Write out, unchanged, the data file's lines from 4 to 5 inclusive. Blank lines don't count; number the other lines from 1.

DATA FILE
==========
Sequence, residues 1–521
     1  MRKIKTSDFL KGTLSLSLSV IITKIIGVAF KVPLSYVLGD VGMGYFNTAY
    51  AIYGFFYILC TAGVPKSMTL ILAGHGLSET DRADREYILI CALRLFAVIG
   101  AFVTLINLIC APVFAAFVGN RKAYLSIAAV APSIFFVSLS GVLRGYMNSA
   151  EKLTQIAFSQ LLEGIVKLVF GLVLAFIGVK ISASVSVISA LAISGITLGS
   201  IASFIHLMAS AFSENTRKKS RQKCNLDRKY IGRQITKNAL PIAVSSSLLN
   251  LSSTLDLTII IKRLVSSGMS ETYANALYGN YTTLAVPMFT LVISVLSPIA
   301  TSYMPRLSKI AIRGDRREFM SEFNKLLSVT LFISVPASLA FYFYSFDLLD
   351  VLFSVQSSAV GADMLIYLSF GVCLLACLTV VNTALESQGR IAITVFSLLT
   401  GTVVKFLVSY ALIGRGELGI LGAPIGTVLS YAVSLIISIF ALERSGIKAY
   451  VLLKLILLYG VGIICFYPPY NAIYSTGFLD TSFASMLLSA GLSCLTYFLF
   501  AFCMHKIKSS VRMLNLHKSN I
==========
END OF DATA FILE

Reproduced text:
   101  AFVTLINLIC APVFAAFVGN RKAYLSIAAV APSIFFVSLS GVLRGYMNSA
   151  EKLTQIAFSQ LLEGIVKLVF GLVLAFIGVK ISASVSVISA LAISGITLGS